Commentary - South Asians and risk of cardiovascular disease: Current insights and trends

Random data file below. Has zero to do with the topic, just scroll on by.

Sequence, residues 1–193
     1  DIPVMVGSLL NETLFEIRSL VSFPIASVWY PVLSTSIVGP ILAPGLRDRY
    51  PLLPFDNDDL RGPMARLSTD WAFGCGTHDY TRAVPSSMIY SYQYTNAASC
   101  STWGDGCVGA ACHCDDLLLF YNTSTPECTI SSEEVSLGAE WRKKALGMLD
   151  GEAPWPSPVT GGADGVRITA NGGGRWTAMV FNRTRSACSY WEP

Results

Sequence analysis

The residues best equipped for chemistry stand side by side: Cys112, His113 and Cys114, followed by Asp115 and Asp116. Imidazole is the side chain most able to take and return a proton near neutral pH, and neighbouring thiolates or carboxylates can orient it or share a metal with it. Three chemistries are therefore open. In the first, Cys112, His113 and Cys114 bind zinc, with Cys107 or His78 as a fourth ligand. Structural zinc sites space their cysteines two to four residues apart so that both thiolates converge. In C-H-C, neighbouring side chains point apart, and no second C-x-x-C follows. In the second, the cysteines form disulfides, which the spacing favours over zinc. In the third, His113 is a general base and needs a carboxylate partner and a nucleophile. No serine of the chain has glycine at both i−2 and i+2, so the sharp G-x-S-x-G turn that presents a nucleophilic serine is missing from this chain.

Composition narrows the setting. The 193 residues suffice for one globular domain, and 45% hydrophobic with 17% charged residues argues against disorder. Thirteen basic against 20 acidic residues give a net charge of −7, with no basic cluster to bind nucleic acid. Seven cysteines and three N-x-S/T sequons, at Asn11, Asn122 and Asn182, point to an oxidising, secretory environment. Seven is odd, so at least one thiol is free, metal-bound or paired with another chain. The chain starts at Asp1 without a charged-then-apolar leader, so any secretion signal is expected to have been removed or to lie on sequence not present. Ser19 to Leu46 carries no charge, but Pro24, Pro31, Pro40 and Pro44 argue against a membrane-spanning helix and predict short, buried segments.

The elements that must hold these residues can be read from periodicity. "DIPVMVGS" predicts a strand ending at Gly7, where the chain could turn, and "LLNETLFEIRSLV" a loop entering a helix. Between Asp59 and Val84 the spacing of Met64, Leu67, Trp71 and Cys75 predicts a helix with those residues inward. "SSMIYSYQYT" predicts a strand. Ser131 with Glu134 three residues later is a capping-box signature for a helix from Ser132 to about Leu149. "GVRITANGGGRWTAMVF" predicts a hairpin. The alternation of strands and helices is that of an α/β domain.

Patients from the Indian subcontinent have a distinct cardiovascular risk profile with profound health consequences. South Asians tend to develop more severe coronary artery disease at a younger age, and may also suffer from earlier myocardial infarction and heart failure. The genesis of this risk is multi-factorial. One important culprit is increased insulin resistance, possibly due to recently identified genetic polymorphisms. Another possible explanation is subclinical inflammation and a prothrombotic environment, as evidenced by increased levels of homocysteine, plasminogen activator inhibitor-1, and fibrinogen. The lipid profile of South Asians may play a role, as this population is known to have elevated levels of lipoprotein (a), as well as lower levels of HDL. In addition, this HDL may be dysfunctional, as this population may have a higher prevalence of low levels of HDL2b, as well as an increased preponderance of smaller HDL. Current guidelines for primary and secondary prevention have not reflected our growing insight into the unique characteristics of the South Asian population, and may need to evolve to reflect our knowledge.